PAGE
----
Wednesday, February 1, 2012
Stephen Miller recently posted the compelling question whether there will be a "lost generation" of land use lawyers, due to the recession, the weak legal hiring market, and the related lull in the land development economy. Jamie and a couple of other observent commenters added their thoughts. This is a very well-founded and important concern.
I share the concern, but I am somewhat less pessimistic. One of the great things about land use is that it is so fundamentally interdisciplinary, and this in turn means there are many areas of practice that involve (and often require) a good undertanding of land use issues. I have had a number of students report to me that they are meeting with some success as new practitioners in the current economy, including land-use related practices. Here are some ways in which a new lawyer interested in land use can (or must) get involved in the field:
- Real estate practice. This may be obvious, but a practice oriented around real estate transactions--both residential and commercial--needs to be able to navigate the land use system for clients. Permits, variances, and servitudes are huge concerns in real estate transactions.
- Environmental law. Even if you don't get a government or nonprofit job, there are more environmental concerns than ever in private practice, from compliance to impact studies to permitting, and consulting.
- Litigation. You might be surprised how often land use issues intersect with general civil and commercial litigation. This was the route I took towards conceiving of myself as a "land use lawyer." As a new general litigation associate at a firm, I took on cases representing HOAs, local government entities, and businesses in all sorts of litigation ranging from siting disputes to HOA takeovers to eminent domain.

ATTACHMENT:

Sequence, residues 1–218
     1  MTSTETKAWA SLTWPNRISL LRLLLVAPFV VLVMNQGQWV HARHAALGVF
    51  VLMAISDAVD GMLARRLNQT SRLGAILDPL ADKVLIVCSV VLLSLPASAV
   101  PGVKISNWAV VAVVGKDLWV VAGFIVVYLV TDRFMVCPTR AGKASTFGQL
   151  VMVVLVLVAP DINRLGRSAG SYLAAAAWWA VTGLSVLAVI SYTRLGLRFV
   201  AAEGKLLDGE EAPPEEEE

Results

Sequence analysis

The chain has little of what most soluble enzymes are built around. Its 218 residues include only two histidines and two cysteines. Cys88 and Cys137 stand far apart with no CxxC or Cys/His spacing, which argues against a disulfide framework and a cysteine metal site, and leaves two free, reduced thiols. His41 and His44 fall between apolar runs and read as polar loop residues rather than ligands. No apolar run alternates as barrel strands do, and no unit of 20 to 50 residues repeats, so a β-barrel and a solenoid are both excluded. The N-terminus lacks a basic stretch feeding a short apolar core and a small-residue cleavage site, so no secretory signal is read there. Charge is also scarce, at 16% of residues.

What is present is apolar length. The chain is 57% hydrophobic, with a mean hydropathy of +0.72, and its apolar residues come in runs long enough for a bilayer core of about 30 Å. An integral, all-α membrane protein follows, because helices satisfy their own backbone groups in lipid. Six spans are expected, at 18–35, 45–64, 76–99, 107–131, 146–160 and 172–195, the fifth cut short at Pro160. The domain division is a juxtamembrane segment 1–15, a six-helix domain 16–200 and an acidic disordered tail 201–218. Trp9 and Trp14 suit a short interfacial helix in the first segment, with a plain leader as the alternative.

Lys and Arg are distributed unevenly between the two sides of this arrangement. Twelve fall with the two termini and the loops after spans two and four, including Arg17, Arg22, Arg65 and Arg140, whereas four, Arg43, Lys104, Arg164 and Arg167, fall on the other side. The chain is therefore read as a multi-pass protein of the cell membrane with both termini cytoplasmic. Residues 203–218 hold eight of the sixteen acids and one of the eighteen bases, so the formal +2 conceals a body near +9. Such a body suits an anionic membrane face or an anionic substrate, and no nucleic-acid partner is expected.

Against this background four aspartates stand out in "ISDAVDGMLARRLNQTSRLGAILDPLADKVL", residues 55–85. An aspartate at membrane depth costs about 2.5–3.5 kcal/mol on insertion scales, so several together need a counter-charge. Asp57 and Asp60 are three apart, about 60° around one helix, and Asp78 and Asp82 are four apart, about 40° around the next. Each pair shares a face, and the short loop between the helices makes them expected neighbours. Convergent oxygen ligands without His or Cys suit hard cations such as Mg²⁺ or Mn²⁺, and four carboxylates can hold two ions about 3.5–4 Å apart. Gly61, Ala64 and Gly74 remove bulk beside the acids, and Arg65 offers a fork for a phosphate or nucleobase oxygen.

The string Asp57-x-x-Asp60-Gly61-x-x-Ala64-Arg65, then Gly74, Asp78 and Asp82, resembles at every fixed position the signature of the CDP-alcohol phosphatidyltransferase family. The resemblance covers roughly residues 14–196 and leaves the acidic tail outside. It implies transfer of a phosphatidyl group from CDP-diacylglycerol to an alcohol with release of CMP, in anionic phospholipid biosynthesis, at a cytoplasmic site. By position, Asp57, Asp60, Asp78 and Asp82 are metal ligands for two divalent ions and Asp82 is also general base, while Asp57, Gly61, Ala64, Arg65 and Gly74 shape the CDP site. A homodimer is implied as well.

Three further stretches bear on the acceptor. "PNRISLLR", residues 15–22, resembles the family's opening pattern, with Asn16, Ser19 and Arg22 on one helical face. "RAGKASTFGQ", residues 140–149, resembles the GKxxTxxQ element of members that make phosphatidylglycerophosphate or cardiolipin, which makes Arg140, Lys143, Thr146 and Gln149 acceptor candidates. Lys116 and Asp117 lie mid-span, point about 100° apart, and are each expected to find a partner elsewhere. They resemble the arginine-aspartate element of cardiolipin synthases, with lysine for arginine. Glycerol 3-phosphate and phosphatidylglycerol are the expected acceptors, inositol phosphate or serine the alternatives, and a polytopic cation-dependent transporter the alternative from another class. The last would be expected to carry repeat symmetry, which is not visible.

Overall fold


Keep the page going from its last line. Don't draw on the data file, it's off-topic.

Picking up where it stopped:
- General practice. I know from my recent grads that the model of hanging out a shingle is alive and well. Our communities need good lawyers to serve people who need help with real estate, contracts, small businesses, family law, estate planning, and so on. All of these activities involve land use issues.
- Community involvement. This isn't always--or even very often--a paid gig. But every community has important land use issues, and one of the agreed-upon tenents of good land use today is that it requires community participation and involvement. Smart lawyers can always be valuable in these processes, from charrettes to comprehensive plans to zoning and development code amendments. Jamie commented that her students get involved in local planning commissions. If you care about land use, you should care about getting involved in your community and offering your expertise (and don't sell yourself short-- if you've studied land use law at all, you probably know more than most people). If you do a good job, there may also be networking benefits in addition to having served your community.
I know it's tough out there in this economy. But my recent grads have given me some optimism that there is still a great need for smart lawyers out there, and that lawyers who are passionate about land use can find a way to apply that interest in practice.
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- Stephen R. Miller on Why are building inspectors so often on the take?
- Josh Hightree on What makes people leave rural areas, and what makes them stay
- Jessica Shoemaker on What makes people leave rural areas, and what makes them stay
- Jamie Baker Roskie on Why are building inspectors so often on the take?
- Stephen R. Miller on What makes people leave rural areas, and what makes them stay
- Land Use Law-Related Articles Posted on SSRN in February
- March 4-6: Stanford 2015 Rural West Conference: Preservation and Transformation: The Future of the Rural West
- March 3 - J.B. Ruhl to deliver Boehl Distinguished Lecture in Land Use Policy at U Louisville Law
- Is this blog post "advertising"? California's bar proposes bright-line rule for regulating attorney blogs
- Two upcoming RMMLF events: 61st Annual Institute (July 16-18 in Anchorage) and 17th Institute for Natural Resources Law Teachers (May 27-29 at Utah Law)